The usual suspects before the assembly
As a quick aside I made the two engine stands for this engine at this point. Stowed away as a little surprise on the sprues these square parts act as a part of the sprue frame and when sipped clear act as two great frames. 
They fit the engine perfectly and so you have the option to uses these as a display if you want to leave one or both engines out of the kit. I really liked this gesture by the designers.
**Slacker's tip** You could skip some of these steps if you wanted a quick build. You could forgo - 3-1A and simply glue the two halves of the shroud of the compressor housing without the semi-circle guards. So if you like things simple and external only this is a tip for you. I’ll give you more tips like this as we go through.

The paint I used for this was a mixture of primer from Mr Finishing Surfacer in black, Mr Color 60 RLM 02 and the White Aluminium from Alclad. Although the Alclad was not the best metalizer out there it was a base that I would build shades onto later.

It all looks a little simple now – I would dirty it up (and heat it up) later
3-1F: All of the piping went on next. I used a silver pen to paint the pipes. IT was not so durable to touch so later when the engine was in-situ I touched it up with a Metalizer paint (Chrome Plate from Model master) which gave the right shine.  I would go through all of these parts and what the pipes did but it would be pretty dull so I’ll leave that part out. The look after this all went onto the shaft was nice but ohh-too-clean for me still. I needed a used engine not a factory fresh type as this was going to be portrayed as an in-service kite.
I wanted to try to add hints of hue to the used jet engine so I opted for an experiment with Metal Polishing powders from Ushi van der Rosten. I used the lighter Chrome type on the intake, the Steel type on the middle section of the engine just behind that and the darker Iron type on the exhaust section and rubbed a little on the black section as well to liven it up a little and expose a few details there. The Iron especially I rubbed on a fair bit even after this and it got even darker and gave a mottled effect which I liked so much I kept.
I was not sure exactly how to seal this so it did not rub against everything so I settles on a simple light coat of future to seal it in. Parts I found heard to get to I used a pointy cotton bud (q-tip) to get in there. I liked the look I got and I’ll use these again.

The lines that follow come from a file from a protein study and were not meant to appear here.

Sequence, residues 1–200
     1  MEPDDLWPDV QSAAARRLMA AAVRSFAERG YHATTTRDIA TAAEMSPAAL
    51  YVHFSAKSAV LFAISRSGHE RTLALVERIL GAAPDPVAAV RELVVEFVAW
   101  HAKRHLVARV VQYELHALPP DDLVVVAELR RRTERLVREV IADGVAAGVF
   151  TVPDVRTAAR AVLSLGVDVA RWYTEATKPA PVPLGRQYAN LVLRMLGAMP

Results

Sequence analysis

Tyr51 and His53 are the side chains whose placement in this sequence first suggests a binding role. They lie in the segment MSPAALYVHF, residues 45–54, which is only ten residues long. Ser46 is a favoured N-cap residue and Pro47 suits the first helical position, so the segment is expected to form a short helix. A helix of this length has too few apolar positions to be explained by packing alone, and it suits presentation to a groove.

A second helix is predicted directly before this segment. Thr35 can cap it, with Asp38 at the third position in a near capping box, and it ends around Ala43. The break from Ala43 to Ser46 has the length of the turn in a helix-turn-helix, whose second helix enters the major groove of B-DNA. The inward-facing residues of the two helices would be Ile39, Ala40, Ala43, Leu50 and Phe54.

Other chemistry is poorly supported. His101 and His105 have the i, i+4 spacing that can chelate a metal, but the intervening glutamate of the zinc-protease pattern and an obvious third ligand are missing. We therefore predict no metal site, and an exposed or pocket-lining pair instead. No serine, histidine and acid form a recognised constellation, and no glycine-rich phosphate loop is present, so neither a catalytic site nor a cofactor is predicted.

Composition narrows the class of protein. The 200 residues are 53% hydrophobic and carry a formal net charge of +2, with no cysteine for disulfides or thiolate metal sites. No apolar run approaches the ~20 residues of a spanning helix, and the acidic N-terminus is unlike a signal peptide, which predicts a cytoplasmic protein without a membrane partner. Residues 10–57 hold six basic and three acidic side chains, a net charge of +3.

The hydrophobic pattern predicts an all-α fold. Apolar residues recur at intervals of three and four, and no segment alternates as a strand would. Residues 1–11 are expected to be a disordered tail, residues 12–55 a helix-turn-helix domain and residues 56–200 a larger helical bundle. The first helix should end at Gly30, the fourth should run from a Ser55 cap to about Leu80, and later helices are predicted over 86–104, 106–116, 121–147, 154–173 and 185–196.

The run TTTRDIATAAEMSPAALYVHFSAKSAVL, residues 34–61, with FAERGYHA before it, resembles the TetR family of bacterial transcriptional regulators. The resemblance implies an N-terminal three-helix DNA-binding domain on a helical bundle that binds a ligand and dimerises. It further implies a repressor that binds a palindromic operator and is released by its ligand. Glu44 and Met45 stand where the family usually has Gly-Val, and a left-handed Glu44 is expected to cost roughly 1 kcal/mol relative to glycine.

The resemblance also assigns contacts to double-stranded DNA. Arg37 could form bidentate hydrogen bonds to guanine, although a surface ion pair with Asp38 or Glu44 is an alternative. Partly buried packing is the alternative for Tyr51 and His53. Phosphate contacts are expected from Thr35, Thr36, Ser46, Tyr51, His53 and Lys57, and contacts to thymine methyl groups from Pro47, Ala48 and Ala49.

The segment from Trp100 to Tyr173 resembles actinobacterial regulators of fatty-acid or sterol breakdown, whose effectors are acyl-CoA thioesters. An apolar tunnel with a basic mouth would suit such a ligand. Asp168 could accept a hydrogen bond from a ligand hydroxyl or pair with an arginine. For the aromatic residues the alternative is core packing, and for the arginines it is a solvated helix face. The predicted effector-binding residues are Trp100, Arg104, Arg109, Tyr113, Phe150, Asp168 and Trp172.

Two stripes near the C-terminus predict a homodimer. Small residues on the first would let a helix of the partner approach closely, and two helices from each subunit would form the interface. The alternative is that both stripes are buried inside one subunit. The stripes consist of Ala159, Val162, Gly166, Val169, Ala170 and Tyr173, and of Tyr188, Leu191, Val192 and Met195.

3-1K: Lastly I got the two halves of the heat shroud for the exhaust nozzle together. This is made from two parts split down the middle and they are in straight clear plastic – why I don’t know because you are to paint them black once they are together. I suppose just as another option to see the engine if you were to leave it unpainted. This was a thin joint and it broke on me a few times so I just glued it and left a seam of super glue down the inside of the joint to seal it.

Roughly sanded clear shroud on the left  - polished on the right.
The joint polishes up nicely to almost invisible with a nail sanding block with different gradients so this part can be rendered clear if you like..

Here they both are – paint chipped, and weathered with a light wash of AK Interactive Turbine Engine wash to darken things up a little.
They look pretty cool on the frames don't they?
...And to step ahead a little here they are inside the frame of the Horten Ho 229. You can see here I have touched up the silver pipes and corrected a few bits of rough work. I think it looks great and very convincing.
And the dirty exhaust with the dappling heat stress on the exhaust..
Well that was a part that I was a little concerned about over and done with in an 8 hour day. It took some care to get it all to be constructed in the right order with all the fan blades and housings but nothing really stressful.
I really liked experimenting with the powders and colours of the engine and I am glad you will get to see some of it when finished.  I am glad to have this out of the way and I was really looking forward to the next step the fuselage frame. 
Keep tuning in all this week of the whole build of this kit as we take you through the whole thing.

Adam Norenberg

This kit is now on sale at Volks directly at this link – Also check out “ZM’s Old Man Blog” for more details on the company's musings as well!